Ashurst is aiming to ensure that 40 per cent of all partner promotions are female by 2018 as well as handing a quarter of management positions to women in a radical overhaul of the firm’s diversity policy.
The gender targets were set at the firm’s first board meeting since its full financial merger with Blake Dawson went live in November 2013 (26 September 2013). The diversity initiative – aimed at aiding full integration between Ashurst and legacy Ashurt Australia – formally kicked off yesterday (3 June).
As part of the overhaul, managing partner James Collis is establishing the firm’s first-ever international advisory group on diversity and inclusion. About six partners will participate in the working group, alongside the firm’s HR and diversity professionals.
Ashurst’s new approach will see divisions and office heads set their own objectives and priorities, and the firm intends to put a strengthened focus on transparency.
Collis said: “We’re obviously proud of the diverse array of talent and expertise we already have at Ashurst but there is far more we need to do to build on this.”
The figures speak for themselves. At the end of the 2012/13 financial year just 13.6 per cent of the legacy Ashurst’s partnership were women – the equivalent to 33 out of a total 242, that’s slightly down on 2011/12 when 31 of the total 225-strong partnership were women (13.7 per cent).
In terms of partner promotions the firm has fared slightly better. In its first promotions round since the merger, a third of the 15 made up were women (24 April 2014) compared with one out of 12 at legacy Ashurst a year earlier (23 April 2013).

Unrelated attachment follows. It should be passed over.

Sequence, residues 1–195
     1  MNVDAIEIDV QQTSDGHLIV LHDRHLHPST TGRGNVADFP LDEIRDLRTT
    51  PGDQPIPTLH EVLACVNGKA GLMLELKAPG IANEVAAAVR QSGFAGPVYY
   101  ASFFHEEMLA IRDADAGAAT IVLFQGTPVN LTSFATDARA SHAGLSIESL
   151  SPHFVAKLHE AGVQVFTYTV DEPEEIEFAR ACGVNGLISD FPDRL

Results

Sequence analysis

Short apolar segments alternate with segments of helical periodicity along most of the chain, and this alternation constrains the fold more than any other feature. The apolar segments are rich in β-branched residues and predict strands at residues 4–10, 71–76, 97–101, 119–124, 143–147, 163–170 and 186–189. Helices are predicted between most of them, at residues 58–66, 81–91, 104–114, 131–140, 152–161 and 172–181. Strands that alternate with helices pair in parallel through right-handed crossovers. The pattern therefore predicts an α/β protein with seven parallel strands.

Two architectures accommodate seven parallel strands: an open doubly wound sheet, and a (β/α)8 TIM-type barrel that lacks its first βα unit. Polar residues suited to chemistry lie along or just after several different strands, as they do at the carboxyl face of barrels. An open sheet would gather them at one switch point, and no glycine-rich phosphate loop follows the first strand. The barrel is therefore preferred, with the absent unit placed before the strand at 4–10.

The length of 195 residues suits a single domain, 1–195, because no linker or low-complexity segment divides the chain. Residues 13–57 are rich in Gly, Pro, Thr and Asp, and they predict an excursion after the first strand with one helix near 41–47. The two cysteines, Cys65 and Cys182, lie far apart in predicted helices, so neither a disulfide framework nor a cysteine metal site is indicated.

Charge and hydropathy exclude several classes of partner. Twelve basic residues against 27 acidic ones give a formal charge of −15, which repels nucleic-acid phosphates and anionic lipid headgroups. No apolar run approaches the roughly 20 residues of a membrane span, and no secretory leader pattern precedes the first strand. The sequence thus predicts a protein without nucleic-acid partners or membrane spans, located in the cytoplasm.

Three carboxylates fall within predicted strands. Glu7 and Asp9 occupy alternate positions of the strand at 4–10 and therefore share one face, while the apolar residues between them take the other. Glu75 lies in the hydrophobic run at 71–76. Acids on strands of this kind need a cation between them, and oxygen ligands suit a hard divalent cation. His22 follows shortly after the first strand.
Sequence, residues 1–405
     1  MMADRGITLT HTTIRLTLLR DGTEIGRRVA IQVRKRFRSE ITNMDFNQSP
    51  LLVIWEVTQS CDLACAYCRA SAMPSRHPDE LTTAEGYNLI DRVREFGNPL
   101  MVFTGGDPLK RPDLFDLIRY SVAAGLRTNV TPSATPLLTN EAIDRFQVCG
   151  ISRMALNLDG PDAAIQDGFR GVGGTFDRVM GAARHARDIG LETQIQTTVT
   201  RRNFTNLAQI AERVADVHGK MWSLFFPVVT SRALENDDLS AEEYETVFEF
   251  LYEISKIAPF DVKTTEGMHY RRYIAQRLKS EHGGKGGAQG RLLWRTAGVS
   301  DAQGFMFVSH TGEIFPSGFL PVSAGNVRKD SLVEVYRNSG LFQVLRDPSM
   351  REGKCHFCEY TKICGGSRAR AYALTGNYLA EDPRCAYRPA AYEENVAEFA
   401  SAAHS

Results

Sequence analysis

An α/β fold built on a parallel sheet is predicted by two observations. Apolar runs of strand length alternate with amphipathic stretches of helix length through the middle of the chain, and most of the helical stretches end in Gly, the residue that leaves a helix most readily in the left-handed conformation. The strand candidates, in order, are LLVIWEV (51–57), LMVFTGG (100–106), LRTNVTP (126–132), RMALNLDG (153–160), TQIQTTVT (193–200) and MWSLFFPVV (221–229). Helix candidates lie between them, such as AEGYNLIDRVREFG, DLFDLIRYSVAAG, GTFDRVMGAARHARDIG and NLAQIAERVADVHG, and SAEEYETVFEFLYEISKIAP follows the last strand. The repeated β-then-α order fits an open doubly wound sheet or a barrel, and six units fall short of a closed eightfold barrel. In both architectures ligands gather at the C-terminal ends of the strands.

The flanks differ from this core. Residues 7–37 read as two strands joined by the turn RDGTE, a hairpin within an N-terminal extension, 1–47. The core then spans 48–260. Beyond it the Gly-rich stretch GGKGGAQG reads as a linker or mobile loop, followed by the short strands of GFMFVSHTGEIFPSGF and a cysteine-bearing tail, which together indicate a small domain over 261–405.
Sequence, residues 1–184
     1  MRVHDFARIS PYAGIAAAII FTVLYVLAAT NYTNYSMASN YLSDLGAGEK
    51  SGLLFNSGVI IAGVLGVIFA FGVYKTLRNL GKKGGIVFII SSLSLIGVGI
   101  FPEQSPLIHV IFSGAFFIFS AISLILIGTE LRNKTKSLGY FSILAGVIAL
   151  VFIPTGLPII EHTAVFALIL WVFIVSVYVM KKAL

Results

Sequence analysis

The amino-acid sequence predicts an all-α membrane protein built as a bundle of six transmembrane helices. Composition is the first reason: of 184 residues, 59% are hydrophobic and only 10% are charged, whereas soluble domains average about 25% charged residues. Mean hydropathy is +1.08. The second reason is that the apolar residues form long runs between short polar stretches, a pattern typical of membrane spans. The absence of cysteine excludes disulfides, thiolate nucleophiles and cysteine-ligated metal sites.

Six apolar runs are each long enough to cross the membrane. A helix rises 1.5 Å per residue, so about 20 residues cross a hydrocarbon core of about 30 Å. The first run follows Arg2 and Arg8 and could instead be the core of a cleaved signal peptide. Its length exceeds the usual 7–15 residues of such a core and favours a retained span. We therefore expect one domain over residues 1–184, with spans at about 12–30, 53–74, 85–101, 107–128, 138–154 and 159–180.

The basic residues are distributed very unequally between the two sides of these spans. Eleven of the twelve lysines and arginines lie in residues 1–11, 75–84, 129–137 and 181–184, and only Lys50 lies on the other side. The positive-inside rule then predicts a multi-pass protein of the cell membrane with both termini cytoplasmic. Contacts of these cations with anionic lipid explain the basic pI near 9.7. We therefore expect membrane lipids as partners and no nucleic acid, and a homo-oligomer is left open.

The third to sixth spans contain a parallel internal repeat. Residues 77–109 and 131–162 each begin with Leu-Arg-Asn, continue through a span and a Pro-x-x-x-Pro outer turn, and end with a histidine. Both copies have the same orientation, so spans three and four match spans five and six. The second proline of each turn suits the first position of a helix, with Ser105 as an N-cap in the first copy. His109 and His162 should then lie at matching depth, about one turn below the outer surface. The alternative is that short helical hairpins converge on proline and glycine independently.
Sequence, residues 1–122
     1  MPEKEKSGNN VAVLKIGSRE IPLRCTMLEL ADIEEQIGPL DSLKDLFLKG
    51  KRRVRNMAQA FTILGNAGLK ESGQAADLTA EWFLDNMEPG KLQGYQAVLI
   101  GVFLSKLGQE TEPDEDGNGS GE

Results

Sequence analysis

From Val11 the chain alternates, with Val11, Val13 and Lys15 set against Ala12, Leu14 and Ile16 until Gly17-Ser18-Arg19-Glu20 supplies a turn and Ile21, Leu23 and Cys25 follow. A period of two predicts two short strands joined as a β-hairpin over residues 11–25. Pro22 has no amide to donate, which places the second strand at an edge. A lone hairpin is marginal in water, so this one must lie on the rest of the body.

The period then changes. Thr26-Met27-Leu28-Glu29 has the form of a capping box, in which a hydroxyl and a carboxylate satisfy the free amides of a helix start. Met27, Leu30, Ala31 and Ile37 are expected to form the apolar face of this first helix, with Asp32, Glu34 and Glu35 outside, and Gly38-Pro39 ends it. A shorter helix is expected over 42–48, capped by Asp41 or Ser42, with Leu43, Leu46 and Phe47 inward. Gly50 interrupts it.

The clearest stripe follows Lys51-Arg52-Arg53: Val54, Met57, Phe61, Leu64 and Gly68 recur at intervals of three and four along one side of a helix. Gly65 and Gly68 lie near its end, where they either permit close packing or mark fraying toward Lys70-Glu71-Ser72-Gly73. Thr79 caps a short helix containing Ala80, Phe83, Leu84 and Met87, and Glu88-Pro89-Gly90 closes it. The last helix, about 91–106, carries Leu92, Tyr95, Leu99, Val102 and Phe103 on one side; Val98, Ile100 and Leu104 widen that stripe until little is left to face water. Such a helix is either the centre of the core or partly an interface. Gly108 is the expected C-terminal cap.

At present, 27 per cent of the firm’s most senior management positions are held by women.
A major review of the firm’s development and promotions systems was launched in July last year after it emerged that every trainee who failed to secure a newly qualified (NQ) role at the firm came from a BME (black and minority ethnic) background (11 July 2013).
At the time the firm insisted that the retention process was dependent entirely upon trainee performance and the firm’s capacity to accommodate their departmental preferences on qualification. However, it put the system under review “to check for potential bias affecting under-represented groups”.
Both firms are aiming for 25 per cent of their partnerships to be female within four and three years respectively. All three of these firms go a step further than Allen & Overy,which is considering introducing a 20 per cent female partnership target by 2020 in an effort to promote gender diversity (16 May 2014).